The 1984 Atlantic hurricane season officially began on June 1, 1984, and lasted until November 30, 1984. These dates conventionally delimit the period of each year when most tropical cyclones form in the Atlantic basin. The 1984 season was an active one in terms of named storms, but most of them were weak and stayed at sea. Most of the cyclones tracked through the northwest subtropical Atlantic west of the 50th meridian to near the Eastern coast of the United States between mid-August and early October. The most damaging storm was Hurricane Diana, which caused $65.5 million (1984 dollars) in damage in North Carolina. Diana was the first hurricane to strike a nuclear power plant without incident; it was also the first major hurricane to strike the U.S. East Coast in nearly 20 years. Also of note was Hurricane Lili, which lasted well after the official end of the season. It was downgraded from a named storm on December 24. Damage overall from the tropical cyclones in 1984 totaled $66.4 million (1984 USD).
Other articles related to "1984, 1984 atlantic hurricane season, atlantic":
11 January 1984, 1220 Soyuz-U (11A511U) LC-43/4, Plesetsk Successful Kosmos 1530 (Zenit-6) 13 January 1984, 1440 Soyuz-U (11A511U) LC-41/1, Plesetsk Successful Kosmos 1532 (Yantar-4K2 ...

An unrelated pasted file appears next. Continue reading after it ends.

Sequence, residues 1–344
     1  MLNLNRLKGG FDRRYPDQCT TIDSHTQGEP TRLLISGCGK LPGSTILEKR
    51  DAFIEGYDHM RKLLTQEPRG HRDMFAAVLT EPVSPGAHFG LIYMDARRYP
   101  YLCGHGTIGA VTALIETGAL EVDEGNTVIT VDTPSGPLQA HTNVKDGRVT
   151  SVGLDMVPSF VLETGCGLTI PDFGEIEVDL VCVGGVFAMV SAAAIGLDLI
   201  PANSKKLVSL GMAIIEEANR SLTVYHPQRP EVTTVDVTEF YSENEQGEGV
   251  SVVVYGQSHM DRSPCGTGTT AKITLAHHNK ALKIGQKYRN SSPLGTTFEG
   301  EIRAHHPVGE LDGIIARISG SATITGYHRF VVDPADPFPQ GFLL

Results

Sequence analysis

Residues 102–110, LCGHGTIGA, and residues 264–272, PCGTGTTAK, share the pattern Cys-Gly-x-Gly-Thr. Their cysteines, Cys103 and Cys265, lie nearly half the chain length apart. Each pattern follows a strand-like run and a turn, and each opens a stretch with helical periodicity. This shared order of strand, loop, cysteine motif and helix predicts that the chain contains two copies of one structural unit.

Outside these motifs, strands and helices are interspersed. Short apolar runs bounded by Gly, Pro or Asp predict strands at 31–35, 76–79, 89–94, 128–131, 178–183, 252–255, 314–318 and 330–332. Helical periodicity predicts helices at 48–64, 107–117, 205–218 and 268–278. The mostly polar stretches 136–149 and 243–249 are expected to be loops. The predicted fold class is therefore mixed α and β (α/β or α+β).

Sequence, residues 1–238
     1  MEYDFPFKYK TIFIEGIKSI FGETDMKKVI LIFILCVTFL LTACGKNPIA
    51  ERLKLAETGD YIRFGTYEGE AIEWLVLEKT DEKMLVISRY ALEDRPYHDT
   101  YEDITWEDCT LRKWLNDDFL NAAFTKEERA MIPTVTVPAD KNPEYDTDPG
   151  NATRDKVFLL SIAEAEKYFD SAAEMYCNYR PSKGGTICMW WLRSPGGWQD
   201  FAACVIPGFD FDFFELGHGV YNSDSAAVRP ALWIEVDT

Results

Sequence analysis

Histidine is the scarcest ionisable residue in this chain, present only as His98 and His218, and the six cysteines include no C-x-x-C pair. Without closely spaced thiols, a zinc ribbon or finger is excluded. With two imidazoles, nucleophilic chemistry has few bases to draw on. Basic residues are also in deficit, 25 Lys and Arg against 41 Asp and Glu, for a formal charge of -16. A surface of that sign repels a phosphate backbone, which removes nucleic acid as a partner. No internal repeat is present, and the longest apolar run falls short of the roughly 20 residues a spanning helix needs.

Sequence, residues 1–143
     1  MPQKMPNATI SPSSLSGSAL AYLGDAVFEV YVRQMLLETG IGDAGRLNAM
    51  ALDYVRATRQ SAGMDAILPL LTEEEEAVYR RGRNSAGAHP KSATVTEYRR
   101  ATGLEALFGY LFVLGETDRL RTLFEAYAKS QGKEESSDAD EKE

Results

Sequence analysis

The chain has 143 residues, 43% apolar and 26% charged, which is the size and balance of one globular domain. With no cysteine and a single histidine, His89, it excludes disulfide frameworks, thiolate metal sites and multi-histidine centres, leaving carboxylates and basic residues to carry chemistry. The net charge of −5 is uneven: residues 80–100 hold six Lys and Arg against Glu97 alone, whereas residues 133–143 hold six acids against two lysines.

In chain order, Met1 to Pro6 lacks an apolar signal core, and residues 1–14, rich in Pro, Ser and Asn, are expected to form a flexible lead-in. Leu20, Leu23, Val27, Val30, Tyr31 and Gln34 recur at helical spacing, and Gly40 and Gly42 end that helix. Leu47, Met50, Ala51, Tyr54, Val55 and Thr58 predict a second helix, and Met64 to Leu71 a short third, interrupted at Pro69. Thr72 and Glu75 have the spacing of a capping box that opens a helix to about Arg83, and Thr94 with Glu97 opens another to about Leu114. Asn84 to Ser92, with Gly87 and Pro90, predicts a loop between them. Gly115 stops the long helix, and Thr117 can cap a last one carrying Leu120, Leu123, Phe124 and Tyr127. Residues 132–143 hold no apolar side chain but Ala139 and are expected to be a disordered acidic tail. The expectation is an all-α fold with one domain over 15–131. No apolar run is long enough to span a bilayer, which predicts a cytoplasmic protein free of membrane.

... Clint Eastwood And General Saint Stop That Train / Monkey Man Bellaphon 120-07-057 Vinyl 12" Maxi.. ... Eastwood And General Saint Written-By.. ...
... See also List of retired Atlantic hurricane names The World Meteorological Organization did not retire any names used in the 1984 season ...
Famous quotes containing the words hurricane, atlantic and/or season:
“Thought and beauty, like a hurricane or waves, should not know conventional, delimited forms.”
—Anton Pavlovich Chekhov (18601904)
“Tell [the next Miss America] she is taking on a great responsibility. A responsibility to herself, to her people, to the Miss American Pageant, the people of Atlantic City, her state and her nation. Tell her the country and the world will judge America by her.”
—Colleen Kay Hutchins (b. c. 1932)
“I like to compare the holiday season with the way a child listens to a favorite story. The pleasure is in the familiar way the story begins, the anticipation of familiar turns it takes, the familiar moments of suspense, and the familiar climax and ending.”
—Fred Rogers (20th century)